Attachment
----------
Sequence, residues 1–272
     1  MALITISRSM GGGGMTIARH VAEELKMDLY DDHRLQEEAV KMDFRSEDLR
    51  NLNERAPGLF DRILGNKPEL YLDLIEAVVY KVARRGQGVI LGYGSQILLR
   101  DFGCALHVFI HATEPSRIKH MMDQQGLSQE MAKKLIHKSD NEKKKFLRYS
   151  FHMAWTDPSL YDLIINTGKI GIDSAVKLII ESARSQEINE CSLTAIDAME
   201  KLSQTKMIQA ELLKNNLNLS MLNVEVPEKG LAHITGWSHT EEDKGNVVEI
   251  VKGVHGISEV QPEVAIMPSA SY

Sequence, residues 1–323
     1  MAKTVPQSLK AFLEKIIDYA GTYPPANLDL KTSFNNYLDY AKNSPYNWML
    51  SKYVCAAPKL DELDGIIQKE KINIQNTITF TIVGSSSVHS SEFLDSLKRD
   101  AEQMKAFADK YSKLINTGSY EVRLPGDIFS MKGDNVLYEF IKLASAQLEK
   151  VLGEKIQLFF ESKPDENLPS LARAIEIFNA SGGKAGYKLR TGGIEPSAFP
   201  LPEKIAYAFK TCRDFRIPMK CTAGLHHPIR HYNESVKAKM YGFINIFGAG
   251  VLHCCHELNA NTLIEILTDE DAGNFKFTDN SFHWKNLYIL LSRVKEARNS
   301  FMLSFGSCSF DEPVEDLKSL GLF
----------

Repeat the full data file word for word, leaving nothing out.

Sequence, residues 1–272
     1  MALITISRSM GGGGMTIARH VAEELKMDLY DDHRLQEEAV KMDFRSEDLR
    51  NLNERAPGLF DRILGNKPEL YLDLIEAVVY KVARRGQGVI LGYGSQILLR
   101  DFGCALHVFI HATEPSRIKH MMDQQGLSQE MAKKLIHKSD NEKKKFLRYS
   151  FHMAWTDPSL YDLIINTGKI GIDSAVKLII ESARSQEINE CSLTAIDAME
   201  KLSQTKMIQA ELLKNNLNLS MLNVEVPEKG LAHITGWSHT EEDKGNVVEI
   251  VKGVHGISEV QPEVAIMPSA SY

Sequence, residues 1–323
     1  MAKTVPQSLK AFLEKIIDYA GTYPPANLDL KTSFNNYLDY AKNSPYNWML
    51  SKYVCAAPKL DELDGIIQKE KINIQNTITF TIVGSSSVHS SEFLDSLKRD
   101  AEQMKAFADK YSKLINTGSY EVRLPGDIFS MKGDNVLYEF IKLASAQLEK
   151  VLGEKIQLFF ESKPDENLPS LARAIEIFNA SGGKAGYKLR TGGIEPSAFP
   201  LPEKIAYAFK TCRDFRIPMK CTAGLHHPIR HYNESVKAKM YGFINIFGAG
   251  VLHCCHELNA NTLIEILTDE DAGNFKFTDN SFHWKNLYIL LSRVKEARNS
   301  FMLSFGSCSF DEPVEDLKSL GLF